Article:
What’s the Deal with Wicca by Steve Russ is a “deeper look into the dark side of today’s witchcraft.” The author gives a quite detailed picture of Wicca and why it appeals to teenagers expecially, and compares it to Christianity. If you are a teenager or know a teenage considering Wicca, knowing about this religion will help you relate to him or her.
Wicca is an interesting mix of religions. It’s complicated, both contemporary and centuries old, and a mix ofoccultism, neopaganism, and witchcraft. Wicca’s core beliefs are the same now as they were hundreds of years ago, but it’s been repackaged as a New Age style of witchcraft. The details of Wicca though, changes from person to person or from coven to coven since Wicca is a do-it-yourself flexible belief system. If the Wiccan sees something in another religion they like, they’re free to blend it in their own system. It allows the teenager to be free of restrictions and outside control.
Wiccan believe in something called the Rede which basically says, “An ye harm non, do what ye will.” A Wiccan is free to do or worship in any way they see fit as long as they don’t harm another. Other than that, Wicca seems to be a piecemeal individualistic religion where they appoint themselves as their own rulemake of what’s right and wrong.
This allure of personal power is what makes Wicca so enticing and dangerous. While the Wiccan may worship or call upon the powers of famous, powerful people (mostly Roman gods and goddess but they’re free to call upon Egyption gods, or Hindu, Buddhist, Celtic… or even Jesus), they do not realize they’re trying to use spiritual beings as a tool. In short, they’ve appointed themselves their own god, to boss around the ancient dieties.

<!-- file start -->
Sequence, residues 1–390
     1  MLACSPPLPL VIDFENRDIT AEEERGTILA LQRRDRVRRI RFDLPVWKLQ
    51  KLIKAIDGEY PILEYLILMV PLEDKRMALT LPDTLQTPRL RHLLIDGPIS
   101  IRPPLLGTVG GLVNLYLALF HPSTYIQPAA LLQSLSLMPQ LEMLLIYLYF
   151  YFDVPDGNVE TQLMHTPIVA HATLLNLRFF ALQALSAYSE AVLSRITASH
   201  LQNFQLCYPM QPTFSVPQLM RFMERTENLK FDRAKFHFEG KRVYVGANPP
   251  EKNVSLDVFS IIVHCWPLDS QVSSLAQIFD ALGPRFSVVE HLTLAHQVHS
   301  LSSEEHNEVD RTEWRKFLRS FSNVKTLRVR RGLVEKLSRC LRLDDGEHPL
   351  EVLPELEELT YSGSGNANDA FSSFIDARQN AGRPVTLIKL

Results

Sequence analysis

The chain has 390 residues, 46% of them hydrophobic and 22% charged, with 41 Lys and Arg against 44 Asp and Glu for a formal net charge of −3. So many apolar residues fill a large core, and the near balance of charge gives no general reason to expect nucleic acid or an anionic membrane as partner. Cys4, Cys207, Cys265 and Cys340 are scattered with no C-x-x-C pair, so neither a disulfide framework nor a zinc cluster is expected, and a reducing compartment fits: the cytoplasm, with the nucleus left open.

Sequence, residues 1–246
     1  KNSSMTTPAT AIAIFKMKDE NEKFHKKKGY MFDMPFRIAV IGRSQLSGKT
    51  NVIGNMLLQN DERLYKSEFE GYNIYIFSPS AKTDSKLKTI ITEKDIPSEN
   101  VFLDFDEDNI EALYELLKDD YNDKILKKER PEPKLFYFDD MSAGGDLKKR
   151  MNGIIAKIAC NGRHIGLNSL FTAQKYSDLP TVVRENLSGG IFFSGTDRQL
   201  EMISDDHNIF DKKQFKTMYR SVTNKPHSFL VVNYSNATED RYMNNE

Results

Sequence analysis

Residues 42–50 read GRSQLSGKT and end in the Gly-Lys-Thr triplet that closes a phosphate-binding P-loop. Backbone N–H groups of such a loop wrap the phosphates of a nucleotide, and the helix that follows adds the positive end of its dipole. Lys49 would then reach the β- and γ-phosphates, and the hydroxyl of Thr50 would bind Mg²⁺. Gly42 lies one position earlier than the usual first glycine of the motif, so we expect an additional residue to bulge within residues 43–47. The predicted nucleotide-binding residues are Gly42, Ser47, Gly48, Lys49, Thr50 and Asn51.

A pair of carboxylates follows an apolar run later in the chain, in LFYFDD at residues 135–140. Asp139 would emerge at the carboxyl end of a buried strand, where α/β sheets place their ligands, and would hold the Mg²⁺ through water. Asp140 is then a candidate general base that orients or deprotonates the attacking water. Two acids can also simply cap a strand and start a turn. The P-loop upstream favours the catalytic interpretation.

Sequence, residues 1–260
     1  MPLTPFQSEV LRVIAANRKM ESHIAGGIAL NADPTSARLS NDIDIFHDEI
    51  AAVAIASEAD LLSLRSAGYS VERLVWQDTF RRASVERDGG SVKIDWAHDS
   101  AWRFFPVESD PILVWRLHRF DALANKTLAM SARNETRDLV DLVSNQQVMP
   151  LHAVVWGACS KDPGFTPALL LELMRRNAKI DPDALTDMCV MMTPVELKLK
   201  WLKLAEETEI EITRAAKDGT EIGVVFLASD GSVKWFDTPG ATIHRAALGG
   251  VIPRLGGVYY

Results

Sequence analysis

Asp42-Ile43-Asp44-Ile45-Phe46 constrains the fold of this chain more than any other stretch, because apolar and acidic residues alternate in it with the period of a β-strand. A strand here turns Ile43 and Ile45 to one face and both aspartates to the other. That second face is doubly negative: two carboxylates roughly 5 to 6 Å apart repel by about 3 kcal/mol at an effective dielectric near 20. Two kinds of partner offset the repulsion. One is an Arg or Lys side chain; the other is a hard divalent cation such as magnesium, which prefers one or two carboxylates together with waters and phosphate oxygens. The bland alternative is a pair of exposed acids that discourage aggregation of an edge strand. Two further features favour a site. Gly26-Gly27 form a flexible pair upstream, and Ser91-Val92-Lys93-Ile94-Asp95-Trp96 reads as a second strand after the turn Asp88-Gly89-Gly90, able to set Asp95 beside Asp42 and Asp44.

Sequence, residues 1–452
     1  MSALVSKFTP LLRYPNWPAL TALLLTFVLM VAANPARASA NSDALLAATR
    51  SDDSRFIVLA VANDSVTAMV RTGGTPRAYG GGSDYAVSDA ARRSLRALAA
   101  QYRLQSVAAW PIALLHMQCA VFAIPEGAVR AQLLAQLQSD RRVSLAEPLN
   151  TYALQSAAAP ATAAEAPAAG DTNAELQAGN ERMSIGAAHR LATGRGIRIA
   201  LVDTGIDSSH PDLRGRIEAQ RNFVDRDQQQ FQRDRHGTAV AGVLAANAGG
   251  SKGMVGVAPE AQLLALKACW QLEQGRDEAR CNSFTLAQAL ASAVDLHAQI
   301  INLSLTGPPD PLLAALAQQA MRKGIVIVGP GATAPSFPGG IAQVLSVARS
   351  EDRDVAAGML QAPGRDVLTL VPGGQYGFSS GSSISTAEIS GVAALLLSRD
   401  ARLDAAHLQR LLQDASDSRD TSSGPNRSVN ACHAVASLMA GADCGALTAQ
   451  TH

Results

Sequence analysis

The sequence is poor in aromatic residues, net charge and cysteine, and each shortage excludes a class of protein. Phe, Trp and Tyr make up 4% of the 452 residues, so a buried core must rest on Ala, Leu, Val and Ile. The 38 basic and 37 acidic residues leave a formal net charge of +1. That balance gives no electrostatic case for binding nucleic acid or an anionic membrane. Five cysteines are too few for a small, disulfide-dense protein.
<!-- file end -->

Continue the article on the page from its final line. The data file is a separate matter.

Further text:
Christianity differs by submitting to a higher authority. Rather than boss around a god, a Christian seeks to submit to God, to do what God wants.
Some Wiccans believe that all religions are essentially the same and that there are many paths to God, but a closer look at the actual beliefs show that this is not possible. Wiccans, for instance, believe in reincarnation, while Christians believe that we live and die once and then we are judged. Wiccans believe in witchcraft, manipulating their surroundings by invoking invisible powers, while the Christian God detests witchcraft. And Wiccans believe that it’s more important to reveal your own truth through experience and have no absolutely moral code or concept of sin.
As much as Wiccan want to believe Jesus is a “great white witch with a coven of thirteen,” a review of Jesus’ teachings show that Jesus would have soundly rejected such a description. Jesus is the Son of God who sacrificed himself for our sins, and who says the only way to heaven is a belief in Him. In short, the Wiccan belief is incompatible with Christianity. They can’t both be right.
I found the book highly descriptive about Wicca and all it’s various forms, and enjoyed the individual stories from teenagers who told why they left Christianity for Wicca, and I enjoyed the compare and contrast with Christianity. I recommend What’s the Deal with Wicca hightly.